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    August-2017
 
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The Customer Isn’t Always Right

In business, the squeaky wheel almost always winds up getting the grease.

Customers tend to be rewarded for complaining, but that strategy leaves money on the table, according to marketing consultant Betsy Kruger.

“No one likes hearing a complaint, so when a customer complains, a business quickly and resoundingly rectifies the complaint,” said Kruger, author of Top Market Strategy: Applying the 80/20 Rule (www.BetsyKruger.com). “The problem with this strategy is that disgruntled customers bring in less profit than loyal customers. Your business should focus on gratifying your most profitable customers.”

Contrary to popular opinion, the customer is not always right, Kruger says.

“It’s wrong to reward complainers,” she says. “You should reward loyal customers, since they reward your business with higher profit. You should value their business, since loyal customers value your business.”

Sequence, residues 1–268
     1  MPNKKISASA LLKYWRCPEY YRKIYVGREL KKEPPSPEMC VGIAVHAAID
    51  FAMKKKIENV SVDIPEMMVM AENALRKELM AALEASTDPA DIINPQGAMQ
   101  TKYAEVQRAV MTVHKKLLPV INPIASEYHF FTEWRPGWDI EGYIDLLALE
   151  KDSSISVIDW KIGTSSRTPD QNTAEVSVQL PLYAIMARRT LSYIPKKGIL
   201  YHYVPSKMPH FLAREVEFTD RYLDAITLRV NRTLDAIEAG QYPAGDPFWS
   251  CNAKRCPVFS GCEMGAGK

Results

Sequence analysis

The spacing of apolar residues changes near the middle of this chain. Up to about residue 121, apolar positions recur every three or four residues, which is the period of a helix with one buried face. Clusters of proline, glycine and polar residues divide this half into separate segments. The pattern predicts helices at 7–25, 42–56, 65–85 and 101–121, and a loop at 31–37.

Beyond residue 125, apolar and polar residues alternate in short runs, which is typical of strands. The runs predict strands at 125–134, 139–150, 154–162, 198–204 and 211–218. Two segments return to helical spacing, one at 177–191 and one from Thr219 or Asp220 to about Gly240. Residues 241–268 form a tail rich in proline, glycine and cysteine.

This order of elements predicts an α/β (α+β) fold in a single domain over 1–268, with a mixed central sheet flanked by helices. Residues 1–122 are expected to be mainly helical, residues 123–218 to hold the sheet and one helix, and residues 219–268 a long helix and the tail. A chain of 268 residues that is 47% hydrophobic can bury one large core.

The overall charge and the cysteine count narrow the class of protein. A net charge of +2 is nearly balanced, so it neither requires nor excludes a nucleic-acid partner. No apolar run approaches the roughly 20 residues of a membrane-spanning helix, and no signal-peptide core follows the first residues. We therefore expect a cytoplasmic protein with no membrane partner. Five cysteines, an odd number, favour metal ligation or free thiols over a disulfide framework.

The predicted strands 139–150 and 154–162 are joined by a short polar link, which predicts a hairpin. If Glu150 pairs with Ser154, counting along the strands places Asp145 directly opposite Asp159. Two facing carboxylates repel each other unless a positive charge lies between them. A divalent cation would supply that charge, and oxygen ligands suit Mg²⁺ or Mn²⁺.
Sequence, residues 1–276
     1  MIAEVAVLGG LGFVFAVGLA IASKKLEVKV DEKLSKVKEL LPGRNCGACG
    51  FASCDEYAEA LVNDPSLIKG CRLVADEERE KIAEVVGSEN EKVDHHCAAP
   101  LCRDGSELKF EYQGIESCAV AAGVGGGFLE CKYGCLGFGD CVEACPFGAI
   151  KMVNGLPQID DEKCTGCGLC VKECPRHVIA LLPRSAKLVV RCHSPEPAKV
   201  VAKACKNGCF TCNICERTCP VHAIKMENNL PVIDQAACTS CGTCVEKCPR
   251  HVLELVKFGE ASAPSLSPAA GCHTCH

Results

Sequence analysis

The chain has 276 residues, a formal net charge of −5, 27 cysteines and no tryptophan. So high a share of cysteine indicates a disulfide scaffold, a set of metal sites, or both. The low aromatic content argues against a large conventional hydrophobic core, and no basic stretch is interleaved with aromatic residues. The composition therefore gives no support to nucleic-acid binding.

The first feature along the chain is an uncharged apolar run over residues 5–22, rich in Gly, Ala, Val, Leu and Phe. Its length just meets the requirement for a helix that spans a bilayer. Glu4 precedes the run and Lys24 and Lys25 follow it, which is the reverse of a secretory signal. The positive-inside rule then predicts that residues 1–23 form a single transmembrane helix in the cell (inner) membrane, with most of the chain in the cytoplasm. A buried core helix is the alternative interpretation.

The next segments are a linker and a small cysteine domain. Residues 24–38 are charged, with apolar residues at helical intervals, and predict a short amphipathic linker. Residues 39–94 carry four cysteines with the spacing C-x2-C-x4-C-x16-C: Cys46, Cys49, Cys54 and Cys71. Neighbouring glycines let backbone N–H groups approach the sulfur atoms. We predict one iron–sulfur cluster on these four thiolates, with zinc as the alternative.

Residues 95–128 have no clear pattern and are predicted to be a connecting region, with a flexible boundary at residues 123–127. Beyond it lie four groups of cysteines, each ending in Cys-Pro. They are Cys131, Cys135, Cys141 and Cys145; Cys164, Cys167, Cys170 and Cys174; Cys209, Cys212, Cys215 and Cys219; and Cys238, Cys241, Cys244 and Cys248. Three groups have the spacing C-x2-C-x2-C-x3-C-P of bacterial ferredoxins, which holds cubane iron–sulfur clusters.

Kruger says the 80/20 rule governs all results, including profits from customers.

“When you sort customers by their profitability, this universal law predicts that the top 20% of your customers will generate 80% of your profit. Conversely, the bottom 80% of your customers will generate only 20% of your profit – and virtually all of your complaints. This means you should target the top 20% with a top market strategy.”

Businesses can profit from the 80/20 rule by enacting these steps:

  • Distinguish top customers – Identify ways the top 20% of the customers differ from other customers and what characteristics they have in common. Realize that the top customers are highly profitable.
  • Target top customers – Gratify top customers with a top market strategy. Discontinue marketing to the bottom 80% of customers by automating all interactions with that group.
  • Promote to top prospects – Focus resources on converting similar prospects into top customers.  When a company can replace less profitable customers with these new customers, it can expect total profit from customers to quadruple. 

“You may feel it’s rude to consider some customers as less valuable than others, but research proves it’s true,” Kruger says. “The top 20% of your customers magnify your profit, whereas the bottom 20% of your customers magnify your complaints.”

“I feel it’s rude to reward complainers, since loyal customers deserve to be rewarded. When you prioritize your customers with the 80/20 rule, you are prioritizing your profit.”


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